Though many citizens at the local level are not numeric, intuition has to tell us that the absense of empirical, local data hurts our ability to understand, reason and debate our local circumstances. Are we doing better or worse than yesterday? Than in comparison with our peers? Under what measures does this have meaning about community well being?
The purpose of the Citizen DAN project is to create an appliance — in the same sense of refrigerators keeping our food from spoiling — by which any citizen can crack open and expose relevant data at the local level. Citizen DAN is about enrichening our local information and keeping our communities healthy.
We will measure the progress of the project by the number of communities and local organizations that use the Citizen DAN platform to create and publish community data. Subsidiary measures include the number of:
These measures, plus active sites with profiles of each, will be monitored and tracked on the central Citizen DAN portal.
‘Ultimate success’ is related to the general growth in transparent government at the local level. Growth in Citizen DAN-related measures on a year-over-year basis or in relation to Gov2.0 would indicate success.
There is no technical risk to this proposal, but there are risks in scope, awareness and acceptance. Our system has been operational for one year for relevant use cases; all components have been integrated, debugged, and put into production.
Scope risks relate to how much data the Citizen DAN platform is loaded with, and how much functionality is included. We balance the data question by using common public datasets for baseline data, then add features for localities to “crowdsource” their own supplementary data. We balance the functionality question by limiting new development to data visualization/mapping and to upload functions (per above), and then to refine what already exists.
Awareness risks arise from a crowded attention space. We can overcome this in two ways. The first is to satisfy users at our test sites. That will result in good recommendations to help seed a snowball effect. The second way is to use social media and our existing Web outlets aggressively. We have been building awareness for our own properties in steady, inch-by-inch measures. While a notable few Web efforts may go viral, the process is not predictable. Steady, constant focus is our preferred recipe.
Acceptance risk is intimately linked with awareness and use. If we can satisfy each Citizen DAN community, then new datasets, new functionality and new awareness will naturally arise. More users and more contributions through the network effect are the best way to broad acceptance.
Marketing and awareness efforts will include our use of social media, dedicated Web sites, support from test communities, and outreach to relevant community Web sites.
Our own blogs are popular in the semantic Web and structured data space (~3K uniques daily); we have published two posts on Citizen DAN and will continue to do so with more frequency once the effort gets underway.
We will create a central portal (http://citizen-dan.org) based on the project software (akin to our other project sites). The model for this apps and deployments clearinghouse is CrimeReports.com. Using social aspects and crowdsourcing, the site will encourage sharing and best practices amongst the growing number of Citizen DAN communities.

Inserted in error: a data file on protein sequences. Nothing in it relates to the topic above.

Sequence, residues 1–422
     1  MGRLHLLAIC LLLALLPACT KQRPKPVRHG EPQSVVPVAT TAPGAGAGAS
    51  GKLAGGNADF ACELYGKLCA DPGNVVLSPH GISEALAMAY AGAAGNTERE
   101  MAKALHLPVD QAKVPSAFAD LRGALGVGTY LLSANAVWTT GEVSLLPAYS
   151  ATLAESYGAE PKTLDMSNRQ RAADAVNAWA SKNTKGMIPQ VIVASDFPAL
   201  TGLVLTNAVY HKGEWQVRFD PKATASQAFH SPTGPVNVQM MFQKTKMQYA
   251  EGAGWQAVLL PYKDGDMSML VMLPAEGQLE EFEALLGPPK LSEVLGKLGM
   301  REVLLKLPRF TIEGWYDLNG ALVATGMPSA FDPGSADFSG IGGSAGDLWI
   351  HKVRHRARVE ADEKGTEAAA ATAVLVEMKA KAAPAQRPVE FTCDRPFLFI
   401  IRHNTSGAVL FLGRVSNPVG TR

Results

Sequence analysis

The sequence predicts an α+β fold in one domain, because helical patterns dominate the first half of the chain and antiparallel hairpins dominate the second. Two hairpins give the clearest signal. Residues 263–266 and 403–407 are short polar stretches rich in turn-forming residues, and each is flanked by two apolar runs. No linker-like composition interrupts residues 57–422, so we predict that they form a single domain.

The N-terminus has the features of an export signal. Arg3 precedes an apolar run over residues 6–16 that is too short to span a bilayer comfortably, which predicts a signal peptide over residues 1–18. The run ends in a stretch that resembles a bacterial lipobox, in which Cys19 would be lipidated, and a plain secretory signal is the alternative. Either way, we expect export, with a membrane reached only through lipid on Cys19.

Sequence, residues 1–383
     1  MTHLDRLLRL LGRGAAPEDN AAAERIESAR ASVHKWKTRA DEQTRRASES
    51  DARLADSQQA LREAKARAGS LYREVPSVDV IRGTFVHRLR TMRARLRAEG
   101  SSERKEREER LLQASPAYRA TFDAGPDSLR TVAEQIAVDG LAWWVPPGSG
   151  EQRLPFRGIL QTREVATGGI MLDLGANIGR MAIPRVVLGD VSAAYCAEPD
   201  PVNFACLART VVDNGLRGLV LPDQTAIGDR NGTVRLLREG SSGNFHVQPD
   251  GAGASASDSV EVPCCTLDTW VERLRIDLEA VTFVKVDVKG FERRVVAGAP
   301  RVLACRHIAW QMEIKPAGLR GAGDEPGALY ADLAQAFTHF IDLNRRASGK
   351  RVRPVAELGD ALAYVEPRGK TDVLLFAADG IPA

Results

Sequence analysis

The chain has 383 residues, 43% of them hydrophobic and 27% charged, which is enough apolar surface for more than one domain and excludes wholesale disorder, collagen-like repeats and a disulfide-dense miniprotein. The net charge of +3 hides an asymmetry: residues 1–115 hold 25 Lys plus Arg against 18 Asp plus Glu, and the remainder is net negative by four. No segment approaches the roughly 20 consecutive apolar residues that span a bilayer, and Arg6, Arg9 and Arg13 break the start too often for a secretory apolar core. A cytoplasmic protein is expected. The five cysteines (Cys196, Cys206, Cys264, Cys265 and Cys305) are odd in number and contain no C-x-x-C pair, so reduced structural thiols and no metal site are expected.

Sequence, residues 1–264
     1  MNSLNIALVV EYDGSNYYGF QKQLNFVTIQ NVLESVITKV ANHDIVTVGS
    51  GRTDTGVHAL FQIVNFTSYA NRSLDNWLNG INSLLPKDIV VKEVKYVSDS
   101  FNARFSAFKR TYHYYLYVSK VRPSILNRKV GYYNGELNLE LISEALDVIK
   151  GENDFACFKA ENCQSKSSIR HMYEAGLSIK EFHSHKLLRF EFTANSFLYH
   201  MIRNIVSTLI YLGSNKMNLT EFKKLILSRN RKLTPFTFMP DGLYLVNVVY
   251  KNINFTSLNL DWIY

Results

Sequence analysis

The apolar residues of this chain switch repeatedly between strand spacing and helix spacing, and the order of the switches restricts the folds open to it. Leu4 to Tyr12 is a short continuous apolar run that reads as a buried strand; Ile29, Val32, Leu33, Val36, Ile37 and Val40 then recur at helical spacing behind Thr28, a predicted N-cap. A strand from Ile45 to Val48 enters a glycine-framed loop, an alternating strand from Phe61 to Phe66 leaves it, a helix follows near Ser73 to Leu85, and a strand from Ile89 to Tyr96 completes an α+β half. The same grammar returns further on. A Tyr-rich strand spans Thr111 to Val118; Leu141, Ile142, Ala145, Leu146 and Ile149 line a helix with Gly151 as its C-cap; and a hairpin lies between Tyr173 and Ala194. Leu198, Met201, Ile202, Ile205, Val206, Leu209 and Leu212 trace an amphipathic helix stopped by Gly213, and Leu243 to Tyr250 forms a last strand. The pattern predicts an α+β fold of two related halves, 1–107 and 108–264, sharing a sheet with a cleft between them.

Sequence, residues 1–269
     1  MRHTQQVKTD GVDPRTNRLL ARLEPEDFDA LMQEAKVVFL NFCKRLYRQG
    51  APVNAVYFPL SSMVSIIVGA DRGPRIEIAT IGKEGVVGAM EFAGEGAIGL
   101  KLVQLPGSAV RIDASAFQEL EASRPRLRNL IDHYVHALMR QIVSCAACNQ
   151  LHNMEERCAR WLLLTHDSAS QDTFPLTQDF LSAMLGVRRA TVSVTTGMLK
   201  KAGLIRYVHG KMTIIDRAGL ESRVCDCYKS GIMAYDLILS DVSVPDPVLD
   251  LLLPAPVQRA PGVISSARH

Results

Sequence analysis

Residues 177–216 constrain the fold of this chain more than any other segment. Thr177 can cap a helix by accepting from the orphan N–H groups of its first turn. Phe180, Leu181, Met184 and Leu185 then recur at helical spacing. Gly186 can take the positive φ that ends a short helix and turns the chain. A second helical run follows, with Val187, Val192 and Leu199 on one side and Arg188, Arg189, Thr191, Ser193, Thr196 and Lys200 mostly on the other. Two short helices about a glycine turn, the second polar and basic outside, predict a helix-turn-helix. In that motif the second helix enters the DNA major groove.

We will blog and post announcements for key releases and milestones on relevant external Web sites including various Gov 2.0 sites, Community Indicators Consortium, GovLoop, Knight News Challenge, the Sunlight Foundation, and so forth. In addition, we will collate and track individual community efforts (maintained on the central Citizen DAN site) and make specific outreach to community data sites (such as DataSF or DataMine at NYC.gov). We will use Twitter (#CitizenDAN, etc) and the social networks of LinkedIn, Facebook, and Meetup to promote Citizen DAN activity.
We will interact with advocates of citizen journalism, and engage civic organizations, media, and government officials (esp in our three test communities) to refine our marketing plan.
Citizen DAN is not an experiment. It is a working framework that gives any locality and its citizenry the means to assemble, share and compare measures of its community well-being with other communities. These indicators, in turn, provide substance and grist for greater advocacy and writing and blogging (“journalism”) at the local level.
Granted, there are unknowns: How many localities will adopt the Citizen DAN appliance? How essential will its data be to local advocacy and news? How active will each Citizen DAN installation be in attracting contributions and local data?
We submit the better way to frame the question is the degree of adoption, as opposed to will it work.
Web-based changes in our society and social interaction are leading to the democratization of information, access to it, and channels for expression. Whether ultimately successful in the specific form proposed herein, Citizen DAN and its open source software and frameworks will surely be adopted in one form or another — to one degree or another — in the unassailable trend toward local government transparency and citizen involvement.
In short, Yes: We believe Citizen DAN will continue long after the grant.
Our plan begins with the nature of Citizen DAN as software and framework. Sustainability is a question of whether the appliance itself is useful, and how users choose to leverage it.
Mediawiki, the software behind Wikipedia, is an analog. Mediawiki is an enabling infrastructure. Some sites using it are not successful; others wildly so. Success has required the combination of a good appliance with topicality and good management. The same is true for Citizen DAN.
Our plan thus begins with Citizen DAN as a useful appliance, as free open source with great documentation and prominent initial use cases. Our plan continues with our commitment to the local citizen marketplace.
We are developing Citizen DAN because of current trends. We foresee many hundreds of communities adopting the system. Most will be able to do so on their own. Some others may require modifications or assistance. Our self-interest is to ensure a high level of adoption.
An era of citizen engagement is unfolding at the local level, fueled by Web technologies and growing comfort with crowdsourcing and social networks. Meanwhile, local government constraints and pressures for transparency are unleashing locked-up data. These forces will create new opportunities for data literacy by the public, that will itself bring new understanding and improvements in governance and budgeting. We plan on Citizen DAN and its offspring to be one of the catalysts for those changes.